Saturday, August 27, 2005

Walking where the other half lives

When Jason proposed a psychogeography walk through Forest Hill, I didn't think it would be that interesting, but it turned out to be one of the more enjoyable walks I've been on. Our small group gathered at Eglinton Station and meandered south and west. Soon, we came to Upper Canada College. We thought the campus would probably be patrolled by security guards who would kick us out, but as we explored further, we didn't see a soul. The school's courtyard was dark and very quiet.

We continued on and came to another private school: Bishop Strachan, which, according to Jason, features in John Irving's A Prayer for Owen Meany. Again, we wandered through open gates and explored without encountering anyone. We were amazed at the poshness of the school: the neo-Gothic splendour of the older buildings, the sleek glass-and-hardwood polish of the new ones, and the sheer expensiveness of every detail. The playground featured this gorgeous playhouse; peering through the windows of the preschool, we saw tiny chairs arranged before state-of-the-art flatscreen computer monitors. In the schoolyard, we tried out the slides and the hopscotch board.

The poshness continued as we walked on through Forest Hill: we'd never seen so many ornamental columns, and all the lawns and gardens were so mercilessly tended, they looked artificial. We detoured through a pitch-dark section of the Beltline Trail, then found a playground with some swings. Apparently, swings are something of a psychogeographical tradition. (Incidentally, the sprinkly bits in the above photo are grains of sand being kicked up by Jason.)

We reached Casa Loma, where some big catered party was going on, and a row of taxis waited in the parking lot. As we walked, we noticed a lot of "Lost Cat" posters on telephone poles. Alison took one down and kept it (there were two on one pole, and they seemed to have been there for awhile). The cat had been missing since June 26; he was 12 years old, neutered, declawed, and, the poster mournfully noted: "He went out without his pearls."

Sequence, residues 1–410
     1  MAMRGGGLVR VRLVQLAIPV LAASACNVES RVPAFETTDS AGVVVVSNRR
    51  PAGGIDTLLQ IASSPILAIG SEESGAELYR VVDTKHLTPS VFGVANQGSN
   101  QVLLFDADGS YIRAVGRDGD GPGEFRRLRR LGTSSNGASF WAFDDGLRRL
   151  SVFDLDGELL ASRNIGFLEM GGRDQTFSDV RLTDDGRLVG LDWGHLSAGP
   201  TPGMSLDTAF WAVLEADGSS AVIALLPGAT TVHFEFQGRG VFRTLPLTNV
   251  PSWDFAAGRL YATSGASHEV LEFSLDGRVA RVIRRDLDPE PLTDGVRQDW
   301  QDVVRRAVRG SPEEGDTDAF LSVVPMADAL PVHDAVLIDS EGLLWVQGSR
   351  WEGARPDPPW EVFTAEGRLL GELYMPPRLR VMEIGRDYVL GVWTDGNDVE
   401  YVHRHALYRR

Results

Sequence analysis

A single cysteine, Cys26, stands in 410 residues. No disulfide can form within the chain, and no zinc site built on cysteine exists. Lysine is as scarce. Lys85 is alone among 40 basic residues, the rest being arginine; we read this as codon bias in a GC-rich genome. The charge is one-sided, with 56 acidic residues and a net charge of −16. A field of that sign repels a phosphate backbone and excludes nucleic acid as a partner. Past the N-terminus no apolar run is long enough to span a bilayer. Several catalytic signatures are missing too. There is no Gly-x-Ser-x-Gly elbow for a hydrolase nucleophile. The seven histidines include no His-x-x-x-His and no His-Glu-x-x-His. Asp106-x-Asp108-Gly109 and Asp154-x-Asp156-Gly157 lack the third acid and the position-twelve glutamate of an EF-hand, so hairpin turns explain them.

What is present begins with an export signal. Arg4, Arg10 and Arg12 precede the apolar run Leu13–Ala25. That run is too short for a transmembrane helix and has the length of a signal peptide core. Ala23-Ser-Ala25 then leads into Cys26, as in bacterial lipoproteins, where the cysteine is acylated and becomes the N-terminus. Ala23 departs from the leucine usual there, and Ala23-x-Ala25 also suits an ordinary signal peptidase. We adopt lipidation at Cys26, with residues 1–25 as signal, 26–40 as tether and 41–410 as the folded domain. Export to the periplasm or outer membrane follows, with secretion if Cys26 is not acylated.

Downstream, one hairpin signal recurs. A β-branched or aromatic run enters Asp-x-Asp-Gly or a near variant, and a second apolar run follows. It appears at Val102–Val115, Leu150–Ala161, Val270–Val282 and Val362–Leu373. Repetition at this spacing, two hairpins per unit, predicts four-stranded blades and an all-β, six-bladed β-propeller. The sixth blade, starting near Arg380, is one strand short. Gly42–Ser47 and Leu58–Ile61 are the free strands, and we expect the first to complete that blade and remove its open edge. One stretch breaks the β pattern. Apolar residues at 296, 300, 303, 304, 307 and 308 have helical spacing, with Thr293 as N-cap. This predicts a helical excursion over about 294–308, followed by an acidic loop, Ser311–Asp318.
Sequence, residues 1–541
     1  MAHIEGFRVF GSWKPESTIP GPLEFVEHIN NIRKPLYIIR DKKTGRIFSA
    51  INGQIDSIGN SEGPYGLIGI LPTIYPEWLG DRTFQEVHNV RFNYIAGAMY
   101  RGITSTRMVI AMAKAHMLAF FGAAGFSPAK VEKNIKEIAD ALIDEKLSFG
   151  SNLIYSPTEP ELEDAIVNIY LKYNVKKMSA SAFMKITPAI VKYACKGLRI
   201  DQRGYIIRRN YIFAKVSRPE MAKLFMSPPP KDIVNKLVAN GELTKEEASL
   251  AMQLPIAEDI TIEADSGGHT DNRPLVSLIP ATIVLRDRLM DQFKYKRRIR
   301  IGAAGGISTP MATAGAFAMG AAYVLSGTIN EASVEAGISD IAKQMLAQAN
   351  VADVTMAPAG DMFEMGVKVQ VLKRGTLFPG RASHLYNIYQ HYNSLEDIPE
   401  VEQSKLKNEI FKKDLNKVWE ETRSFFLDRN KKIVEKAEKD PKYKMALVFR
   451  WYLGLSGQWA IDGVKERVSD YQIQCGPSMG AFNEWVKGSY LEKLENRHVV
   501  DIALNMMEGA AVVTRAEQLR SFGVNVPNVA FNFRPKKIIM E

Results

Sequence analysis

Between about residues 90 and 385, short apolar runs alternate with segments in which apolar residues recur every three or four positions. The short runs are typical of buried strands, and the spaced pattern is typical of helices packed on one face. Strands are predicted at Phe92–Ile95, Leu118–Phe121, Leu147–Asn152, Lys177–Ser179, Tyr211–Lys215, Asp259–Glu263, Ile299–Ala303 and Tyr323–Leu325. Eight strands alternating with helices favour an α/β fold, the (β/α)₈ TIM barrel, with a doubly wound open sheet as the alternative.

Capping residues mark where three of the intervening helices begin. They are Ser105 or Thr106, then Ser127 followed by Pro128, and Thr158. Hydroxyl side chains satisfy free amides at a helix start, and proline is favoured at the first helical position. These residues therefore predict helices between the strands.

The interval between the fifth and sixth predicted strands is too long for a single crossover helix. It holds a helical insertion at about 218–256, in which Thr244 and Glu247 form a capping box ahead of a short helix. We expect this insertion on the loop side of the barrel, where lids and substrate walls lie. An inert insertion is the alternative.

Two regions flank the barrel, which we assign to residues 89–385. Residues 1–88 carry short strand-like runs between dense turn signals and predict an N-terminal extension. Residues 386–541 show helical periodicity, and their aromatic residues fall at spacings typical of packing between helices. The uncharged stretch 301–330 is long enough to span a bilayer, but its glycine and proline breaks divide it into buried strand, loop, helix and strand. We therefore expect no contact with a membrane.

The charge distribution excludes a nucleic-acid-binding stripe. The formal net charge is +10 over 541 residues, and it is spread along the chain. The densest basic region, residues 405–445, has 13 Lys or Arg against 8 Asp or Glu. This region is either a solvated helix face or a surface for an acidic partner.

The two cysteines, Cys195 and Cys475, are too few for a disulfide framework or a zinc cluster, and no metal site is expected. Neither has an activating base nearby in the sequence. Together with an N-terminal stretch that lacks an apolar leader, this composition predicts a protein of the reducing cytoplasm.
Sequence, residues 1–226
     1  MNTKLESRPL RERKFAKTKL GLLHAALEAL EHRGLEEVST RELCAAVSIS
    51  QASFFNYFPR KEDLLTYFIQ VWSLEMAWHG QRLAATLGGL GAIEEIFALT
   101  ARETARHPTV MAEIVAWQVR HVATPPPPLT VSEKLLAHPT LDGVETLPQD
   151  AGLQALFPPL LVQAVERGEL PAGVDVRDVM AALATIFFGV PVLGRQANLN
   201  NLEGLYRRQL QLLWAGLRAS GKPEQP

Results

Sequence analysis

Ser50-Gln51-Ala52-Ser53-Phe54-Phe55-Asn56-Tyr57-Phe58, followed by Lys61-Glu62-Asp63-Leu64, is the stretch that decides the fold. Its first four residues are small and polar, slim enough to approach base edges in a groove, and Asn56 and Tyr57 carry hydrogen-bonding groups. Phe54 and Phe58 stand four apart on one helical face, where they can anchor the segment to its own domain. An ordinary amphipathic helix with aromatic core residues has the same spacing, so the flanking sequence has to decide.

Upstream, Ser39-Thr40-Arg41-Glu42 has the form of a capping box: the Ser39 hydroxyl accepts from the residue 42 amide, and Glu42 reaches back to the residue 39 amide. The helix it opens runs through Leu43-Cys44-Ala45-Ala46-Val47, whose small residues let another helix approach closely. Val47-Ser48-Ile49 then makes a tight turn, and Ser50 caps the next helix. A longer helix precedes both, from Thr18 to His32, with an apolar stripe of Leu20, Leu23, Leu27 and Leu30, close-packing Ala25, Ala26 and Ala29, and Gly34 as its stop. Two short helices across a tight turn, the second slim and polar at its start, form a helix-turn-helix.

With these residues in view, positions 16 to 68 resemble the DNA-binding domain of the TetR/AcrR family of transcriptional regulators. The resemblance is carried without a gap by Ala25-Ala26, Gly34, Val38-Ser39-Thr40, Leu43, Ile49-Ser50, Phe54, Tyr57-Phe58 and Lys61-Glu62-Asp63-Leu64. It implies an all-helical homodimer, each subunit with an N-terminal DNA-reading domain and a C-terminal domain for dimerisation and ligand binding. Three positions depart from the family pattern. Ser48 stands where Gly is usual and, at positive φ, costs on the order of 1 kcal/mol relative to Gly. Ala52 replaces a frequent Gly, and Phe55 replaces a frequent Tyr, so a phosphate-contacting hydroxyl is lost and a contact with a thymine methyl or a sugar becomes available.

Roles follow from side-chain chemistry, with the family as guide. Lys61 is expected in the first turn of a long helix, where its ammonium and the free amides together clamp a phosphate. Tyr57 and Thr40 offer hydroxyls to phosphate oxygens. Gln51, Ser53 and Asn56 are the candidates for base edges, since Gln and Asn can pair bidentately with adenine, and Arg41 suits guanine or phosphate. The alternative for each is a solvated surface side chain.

We had greasy food at Vesta Lunch ("Reputable since 1953!"), which really hit the spot; encountered Glen Kerr's outdoor computer survey (see previous entry); and ended at Bathurst Station. We walked from Yonge & Eglinton to Bathurst & Bloor!

Incidentally, if you'd like to walk yourself, you could get in touch with me or with the Toronto psychogeographers through their website. But you could also just round up a bunch of your friends and set out on your own. Anyone can do psychogeography!


Anonymous Liav K. said...

I love psychology! And geography! And walking! How do I get in?

1:39 a.m., August 28, 2005  
Blogger Nadia said...

Hey Liav, I finally got around to setting up a gmail account for this blog (see sidebar) -- so drop me a line!

1:35 p.m., August 28, 2005  

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